No pain, no gain in exercise for this common artery disease

In a new study from Northwestern Medicine, researchers found that no pain means no gain when it comes to reaping exercise benefits for people with peripheral artery disease (PAD).

They found in people with peripheral artery disease, walking for exercise at an intensity that induces ischemic leg pain (caused by restricted blood flow) improves walking performance.

Walking at a slow pace that does not induce ischemic leg symptoms is no more effective than no exercise at all.

About 8.5 million in the United States and about 250 million people worldwide have lower extremity peripheral artery disease (PAD). People with PAD have blockages in their arteries that slow or stop the blood flood flow to their legs.

As a result, they have pain and difficulty walking even short distances. It is comparable to angina for people who have symptomatic heart disease. Few therapies exist to treat it.

In the study, 305 people with peripheral artery disease were assigned to high-intensity exercise, low-intensity exercise, or a control group that got telephone calls that were not about exercise.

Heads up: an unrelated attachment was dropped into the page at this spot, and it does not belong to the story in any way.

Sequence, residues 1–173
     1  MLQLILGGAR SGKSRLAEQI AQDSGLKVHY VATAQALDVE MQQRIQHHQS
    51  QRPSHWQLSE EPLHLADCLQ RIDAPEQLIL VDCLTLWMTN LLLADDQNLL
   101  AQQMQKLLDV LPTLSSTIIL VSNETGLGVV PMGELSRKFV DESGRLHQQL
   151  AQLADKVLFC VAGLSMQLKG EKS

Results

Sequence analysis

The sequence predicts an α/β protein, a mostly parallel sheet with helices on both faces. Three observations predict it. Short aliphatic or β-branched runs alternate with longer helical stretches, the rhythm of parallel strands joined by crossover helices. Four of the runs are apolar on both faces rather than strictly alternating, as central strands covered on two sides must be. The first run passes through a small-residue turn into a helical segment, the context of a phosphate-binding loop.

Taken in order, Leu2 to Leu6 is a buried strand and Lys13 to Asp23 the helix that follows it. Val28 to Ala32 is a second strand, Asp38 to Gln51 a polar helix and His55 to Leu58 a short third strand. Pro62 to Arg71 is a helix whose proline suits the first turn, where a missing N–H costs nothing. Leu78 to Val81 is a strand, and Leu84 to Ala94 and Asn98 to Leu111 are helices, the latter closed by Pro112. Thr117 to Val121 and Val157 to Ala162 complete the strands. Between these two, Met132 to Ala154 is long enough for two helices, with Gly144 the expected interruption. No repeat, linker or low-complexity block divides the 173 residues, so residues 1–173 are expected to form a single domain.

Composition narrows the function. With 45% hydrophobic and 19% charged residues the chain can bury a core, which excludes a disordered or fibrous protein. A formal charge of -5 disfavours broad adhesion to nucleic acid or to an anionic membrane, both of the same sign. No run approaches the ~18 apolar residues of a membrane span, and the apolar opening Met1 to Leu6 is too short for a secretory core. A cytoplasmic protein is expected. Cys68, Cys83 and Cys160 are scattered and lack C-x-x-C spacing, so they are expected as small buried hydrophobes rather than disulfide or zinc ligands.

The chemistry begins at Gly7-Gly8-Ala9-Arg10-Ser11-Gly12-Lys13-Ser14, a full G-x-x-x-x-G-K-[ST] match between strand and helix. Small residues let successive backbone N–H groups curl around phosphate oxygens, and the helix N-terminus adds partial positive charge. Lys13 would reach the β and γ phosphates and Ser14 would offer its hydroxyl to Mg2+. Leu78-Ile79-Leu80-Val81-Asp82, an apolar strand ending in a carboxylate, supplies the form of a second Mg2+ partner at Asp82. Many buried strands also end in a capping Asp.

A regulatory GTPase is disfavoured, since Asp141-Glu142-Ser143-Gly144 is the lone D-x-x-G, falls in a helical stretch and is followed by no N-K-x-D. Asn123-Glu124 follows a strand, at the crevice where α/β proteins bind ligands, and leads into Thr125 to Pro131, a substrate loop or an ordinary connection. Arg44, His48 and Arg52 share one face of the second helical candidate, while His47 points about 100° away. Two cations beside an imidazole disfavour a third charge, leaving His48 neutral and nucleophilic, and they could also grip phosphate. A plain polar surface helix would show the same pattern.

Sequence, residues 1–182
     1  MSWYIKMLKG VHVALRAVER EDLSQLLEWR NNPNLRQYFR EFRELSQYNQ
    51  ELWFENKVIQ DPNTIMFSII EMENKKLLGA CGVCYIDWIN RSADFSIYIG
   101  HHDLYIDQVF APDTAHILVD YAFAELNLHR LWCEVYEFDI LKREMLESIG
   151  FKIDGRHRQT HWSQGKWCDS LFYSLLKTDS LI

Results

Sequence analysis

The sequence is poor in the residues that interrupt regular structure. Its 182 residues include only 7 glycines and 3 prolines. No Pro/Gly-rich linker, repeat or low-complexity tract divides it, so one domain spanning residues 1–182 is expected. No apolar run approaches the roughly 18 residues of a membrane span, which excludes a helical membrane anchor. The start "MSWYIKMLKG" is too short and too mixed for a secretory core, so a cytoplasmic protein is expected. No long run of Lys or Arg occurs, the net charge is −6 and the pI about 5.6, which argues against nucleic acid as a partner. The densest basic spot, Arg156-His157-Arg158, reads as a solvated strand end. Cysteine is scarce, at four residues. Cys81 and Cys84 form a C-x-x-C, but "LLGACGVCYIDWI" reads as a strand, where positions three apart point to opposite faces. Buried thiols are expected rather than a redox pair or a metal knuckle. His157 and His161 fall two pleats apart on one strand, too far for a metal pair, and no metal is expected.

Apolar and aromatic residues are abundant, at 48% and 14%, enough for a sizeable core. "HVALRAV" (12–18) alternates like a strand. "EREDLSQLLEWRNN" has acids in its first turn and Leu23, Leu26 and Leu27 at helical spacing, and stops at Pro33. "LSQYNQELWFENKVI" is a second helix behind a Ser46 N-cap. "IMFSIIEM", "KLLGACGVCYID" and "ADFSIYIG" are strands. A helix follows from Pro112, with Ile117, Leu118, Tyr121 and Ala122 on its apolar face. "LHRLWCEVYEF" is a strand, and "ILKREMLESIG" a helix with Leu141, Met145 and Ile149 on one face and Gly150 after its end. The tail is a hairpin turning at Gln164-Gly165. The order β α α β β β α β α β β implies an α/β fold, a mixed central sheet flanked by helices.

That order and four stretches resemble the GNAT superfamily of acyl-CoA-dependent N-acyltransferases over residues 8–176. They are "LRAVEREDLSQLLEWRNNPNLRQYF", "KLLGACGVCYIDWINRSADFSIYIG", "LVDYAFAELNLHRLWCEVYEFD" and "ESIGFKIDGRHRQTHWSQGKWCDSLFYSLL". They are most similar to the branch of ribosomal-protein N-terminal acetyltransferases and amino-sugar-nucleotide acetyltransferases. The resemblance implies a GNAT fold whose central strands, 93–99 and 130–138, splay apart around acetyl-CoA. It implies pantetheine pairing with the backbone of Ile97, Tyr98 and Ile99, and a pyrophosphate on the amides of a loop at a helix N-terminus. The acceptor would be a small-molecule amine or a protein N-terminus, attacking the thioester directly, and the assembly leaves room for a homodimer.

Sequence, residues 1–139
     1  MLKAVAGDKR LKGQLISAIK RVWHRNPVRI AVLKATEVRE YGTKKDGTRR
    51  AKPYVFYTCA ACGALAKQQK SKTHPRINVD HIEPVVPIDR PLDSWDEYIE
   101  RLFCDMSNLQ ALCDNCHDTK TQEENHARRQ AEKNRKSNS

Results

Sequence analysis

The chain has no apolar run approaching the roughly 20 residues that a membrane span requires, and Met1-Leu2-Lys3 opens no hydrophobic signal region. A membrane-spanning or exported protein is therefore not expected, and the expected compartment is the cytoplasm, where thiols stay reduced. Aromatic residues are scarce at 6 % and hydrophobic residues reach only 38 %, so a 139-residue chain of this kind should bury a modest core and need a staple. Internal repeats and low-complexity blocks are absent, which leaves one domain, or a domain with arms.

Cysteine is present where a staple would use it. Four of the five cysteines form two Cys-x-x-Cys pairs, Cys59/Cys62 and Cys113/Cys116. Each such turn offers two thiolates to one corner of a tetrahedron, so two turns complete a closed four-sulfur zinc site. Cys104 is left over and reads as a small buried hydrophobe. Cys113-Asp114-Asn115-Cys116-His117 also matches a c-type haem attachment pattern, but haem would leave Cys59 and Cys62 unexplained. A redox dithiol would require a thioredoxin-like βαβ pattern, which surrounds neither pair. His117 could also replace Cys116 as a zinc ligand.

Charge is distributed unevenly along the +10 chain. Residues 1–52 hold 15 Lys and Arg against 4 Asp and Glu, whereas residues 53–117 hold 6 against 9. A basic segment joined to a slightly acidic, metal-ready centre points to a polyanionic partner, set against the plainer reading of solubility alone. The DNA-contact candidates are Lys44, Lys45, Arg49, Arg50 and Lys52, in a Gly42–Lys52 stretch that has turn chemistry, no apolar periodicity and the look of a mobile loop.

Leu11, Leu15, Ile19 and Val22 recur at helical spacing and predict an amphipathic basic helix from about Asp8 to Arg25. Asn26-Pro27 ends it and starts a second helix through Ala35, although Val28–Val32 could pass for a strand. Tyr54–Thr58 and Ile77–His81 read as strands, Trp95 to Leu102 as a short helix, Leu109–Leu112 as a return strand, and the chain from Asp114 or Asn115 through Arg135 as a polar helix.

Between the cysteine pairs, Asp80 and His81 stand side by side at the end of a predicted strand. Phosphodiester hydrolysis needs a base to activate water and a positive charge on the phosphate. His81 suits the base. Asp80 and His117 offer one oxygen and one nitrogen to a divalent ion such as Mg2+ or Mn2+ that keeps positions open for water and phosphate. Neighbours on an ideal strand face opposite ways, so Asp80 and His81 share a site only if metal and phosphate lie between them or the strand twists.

The team found patients who participated in high-intensity walking exercises strongly improved the distance they could walk in six minutes compared to either the low-intensity group or the control group.

The high-intensity exercise group also strongly improved the length of time they could walk on the treadmill at the end of the study, compared to each of the other two groups.

The team says patients with PAD should be advised to walk for exercise at a pace that induces ischemic leg symptoms in order to get a benefit.

Exercise is the most effective non-invasive therapy to improve walking in people with PAD.

The next step in the research is to determine the biological explanation for the finding that ischemia of the lower extremities appears necessary to gain benefit from walking exercise in people with PAD.

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The study is published in JAMA. One author of the study is Dr. Mary McDermott.

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